By the way, to clear your confusion, Kushans werent' Hazara, the Buddhas weren't built by Hazara, they were built by the Kushans, an Aryan Tribe that assimilated with the rest of the Aryanic Tribes, collectively known as Pashtuns or ethnic Afghans.

Peace


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Posted By: barbar
Date Posted: 30-Jun-2007 at 17:49
Originally posted by AFG-PaShTuN AFG-PaShTuN wrote:


By the way, to clear your confusion, Kushans werent' Hazara, the Buddhas weren't built by Hazara, they were built by the Kushans, an Aryan Tribe that assimilated with the rest of the Aryanic Tribes, collectively known as Pashtuns or ethnic Afghans.

Peace
 
Who are Hazaras then? Did the Mongol troups come with their wives to this land, and killed all the locals?
 
 


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Either make a history or become a history.


Posted By: Afghanan
Date Posted: 01-Jul-2007 at 22:16
I would just like to clarify.  The Buddha statues were not built during the reign of the Kushans, but the Ephtalites..who were ironically anti-Buddhists initially.
 
The Mongols killed every living being in Bamian, including, dogs and cats and lined their heads up in mounds.
 
The Hazaras are said to be descendants of the Mongol armies, not Genghis Khan.  The Mongol armies were made up of many different Turkic tribes as well as Mongols.  Bamian was setup as a garrison town for the Mongols and when the Mongols were eventually amalgamated with the rest of Persia and Central Asia, the Mongol hordes remained in Bamian, where they eventually converted to Shiite Islam.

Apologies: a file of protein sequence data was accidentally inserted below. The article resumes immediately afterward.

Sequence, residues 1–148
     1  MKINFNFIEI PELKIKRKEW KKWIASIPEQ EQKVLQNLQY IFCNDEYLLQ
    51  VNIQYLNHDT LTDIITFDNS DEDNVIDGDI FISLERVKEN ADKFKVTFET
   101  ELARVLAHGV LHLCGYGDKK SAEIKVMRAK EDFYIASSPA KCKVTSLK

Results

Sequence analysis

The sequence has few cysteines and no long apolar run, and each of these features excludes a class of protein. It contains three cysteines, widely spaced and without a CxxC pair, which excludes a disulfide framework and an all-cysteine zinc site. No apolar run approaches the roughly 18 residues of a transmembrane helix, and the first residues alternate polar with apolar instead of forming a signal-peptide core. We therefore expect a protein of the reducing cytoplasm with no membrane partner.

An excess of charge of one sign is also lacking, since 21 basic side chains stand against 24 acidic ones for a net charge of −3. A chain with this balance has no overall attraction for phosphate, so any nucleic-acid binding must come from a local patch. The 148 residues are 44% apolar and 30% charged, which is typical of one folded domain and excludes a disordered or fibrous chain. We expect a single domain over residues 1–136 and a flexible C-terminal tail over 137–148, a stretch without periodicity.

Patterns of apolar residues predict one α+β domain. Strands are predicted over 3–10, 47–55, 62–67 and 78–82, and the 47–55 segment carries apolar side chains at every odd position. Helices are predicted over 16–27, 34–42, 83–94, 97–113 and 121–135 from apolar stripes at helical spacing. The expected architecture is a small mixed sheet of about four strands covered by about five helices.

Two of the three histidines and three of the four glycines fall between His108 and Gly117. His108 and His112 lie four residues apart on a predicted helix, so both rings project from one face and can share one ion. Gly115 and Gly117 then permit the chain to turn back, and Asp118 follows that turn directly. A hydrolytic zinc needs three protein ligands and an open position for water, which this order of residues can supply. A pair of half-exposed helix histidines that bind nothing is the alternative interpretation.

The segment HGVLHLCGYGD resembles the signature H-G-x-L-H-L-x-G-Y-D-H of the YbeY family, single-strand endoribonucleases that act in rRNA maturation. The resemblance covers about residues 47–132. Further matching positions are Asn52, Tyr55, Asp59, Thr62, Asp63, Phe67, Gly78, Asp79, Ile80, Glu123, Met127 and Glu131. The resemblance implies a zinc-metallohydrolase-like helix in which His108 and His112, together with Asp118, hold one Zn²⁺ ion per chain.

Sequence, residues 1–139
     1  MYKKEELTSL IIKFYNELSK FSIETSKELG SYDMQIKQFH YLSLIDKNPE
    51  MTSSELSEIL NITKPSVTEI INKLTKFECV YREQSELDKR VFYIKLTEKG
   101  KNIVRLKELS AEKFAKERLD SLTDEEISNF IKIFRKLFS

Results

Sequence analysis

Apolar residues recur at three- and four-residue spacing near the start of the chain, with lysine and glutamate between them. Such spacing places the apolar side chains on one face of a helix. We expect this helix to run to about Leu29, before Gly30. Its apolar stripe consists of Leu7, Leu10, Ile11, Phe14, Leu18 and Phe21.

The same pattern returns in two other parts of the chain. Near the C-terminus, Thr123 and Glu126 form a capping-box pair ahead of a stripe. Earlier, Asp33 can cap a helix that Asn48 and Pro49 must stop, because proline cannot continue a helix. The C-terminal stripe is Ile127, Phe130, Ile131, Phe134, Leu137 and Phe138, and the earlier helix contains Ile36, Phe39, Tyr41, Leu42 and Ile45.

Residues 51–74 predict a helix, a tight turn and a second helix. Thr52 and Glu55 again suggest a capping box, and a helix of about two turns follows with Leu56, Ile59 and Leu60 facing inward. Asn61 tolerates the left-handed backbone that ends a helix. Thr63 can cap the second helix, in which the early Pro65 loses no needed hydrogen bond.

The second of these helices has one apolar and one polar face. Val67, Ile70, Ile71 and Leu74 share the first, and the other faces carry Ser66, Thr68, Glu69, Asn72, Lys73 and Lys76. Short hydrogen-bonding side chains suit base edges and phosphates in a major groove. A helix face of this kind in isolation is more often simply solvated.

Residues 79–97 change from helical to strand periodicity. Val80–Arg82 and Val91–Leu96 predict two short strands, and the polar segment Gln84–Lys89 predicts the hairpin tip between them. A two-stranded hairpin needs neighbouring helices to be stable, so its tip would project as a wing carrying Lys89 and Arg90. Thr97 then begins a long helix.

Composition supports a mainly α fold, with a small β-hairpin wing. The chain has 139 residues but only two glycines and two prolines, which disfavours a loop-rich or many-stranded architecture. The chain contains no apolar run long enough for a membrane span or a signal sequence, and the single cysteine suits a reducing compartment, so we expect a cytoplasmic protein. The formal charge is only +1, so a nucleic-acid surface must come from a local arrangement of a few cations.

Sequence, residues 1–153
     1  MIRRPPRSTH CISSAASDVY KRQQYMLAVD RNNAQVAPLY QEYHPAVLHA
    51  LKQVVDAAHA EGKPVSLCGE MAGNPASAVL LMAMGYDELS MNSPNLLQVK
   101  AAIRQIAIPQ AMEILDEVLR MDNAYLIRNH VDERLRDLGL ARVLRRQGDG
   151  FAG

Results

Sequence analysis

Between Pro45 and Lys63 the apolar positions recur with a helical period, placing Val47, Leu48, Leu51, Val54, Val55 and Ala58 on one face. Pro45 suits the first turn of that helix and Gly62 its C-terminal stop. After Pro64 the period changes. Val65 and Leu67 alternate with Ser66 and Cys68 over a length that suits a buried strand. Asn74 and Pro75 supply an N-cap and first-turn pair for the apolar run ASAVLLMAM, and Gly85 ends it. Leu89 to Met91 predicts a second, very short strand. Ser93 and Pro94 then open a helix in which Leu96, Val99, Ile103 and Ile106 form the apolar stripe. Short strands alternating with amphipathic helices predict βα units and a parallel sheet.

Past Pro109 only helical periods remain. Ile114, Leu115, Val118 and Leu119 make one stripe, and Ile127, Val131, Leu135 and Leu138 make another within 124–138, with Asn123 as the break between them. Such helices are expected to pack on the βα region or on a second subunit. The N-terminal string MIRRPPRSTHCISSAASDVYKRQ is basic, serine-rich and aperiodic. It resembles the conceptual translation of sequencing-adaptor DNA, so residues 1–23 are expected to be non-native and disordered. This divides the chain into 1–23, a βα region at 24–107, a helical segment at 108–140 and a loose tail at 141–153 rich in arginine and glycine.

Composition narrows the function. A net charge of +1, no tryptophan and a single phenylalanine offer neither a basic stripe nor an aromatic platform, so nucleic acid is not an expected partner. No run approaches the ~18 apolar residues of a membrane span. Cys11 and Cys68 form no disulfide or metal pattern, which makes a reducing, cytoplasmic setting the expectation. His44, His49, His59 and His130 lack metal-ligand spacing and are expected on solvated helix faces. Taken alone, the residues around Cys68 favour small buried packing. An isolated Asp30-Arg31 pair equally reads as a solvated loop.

Genetic studies have proven that they have Mongolian and Turkic ancestry.  Hazaras today are prevalent in every city in Afghanistan and have intermarried with every ethnic group.  My mother's grandmother infact, was a Hazara from Ghazni.
 
 
 
 


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The perceptive man is he who knows about himself, for in self-knowledge and insight lays knowledge of the holiest.
~ Khushal Khan Khattak


Posted By: Afghanan
Date Posted: 01-Jul-2007 at 22:35
Here is a quick summary of events from the Kushans to the
Muslim conquest.
 
As for the Kushans, they are remnants of the Greater Yue-Chih, or the Tocharians.  They were not Mongols, but Eastern Iranian speaking nomads from China who were pushed out of their ancestral homes by the Huns.  They were followed by other Scythian nomads who were also fleeing the Huns and eventually swept over the Semi  Hellenic city states in Afghanistan and made their empire there.  They converted to Buddhism and were responsible for many of the caves that are in "Gharchistan" or Bamian.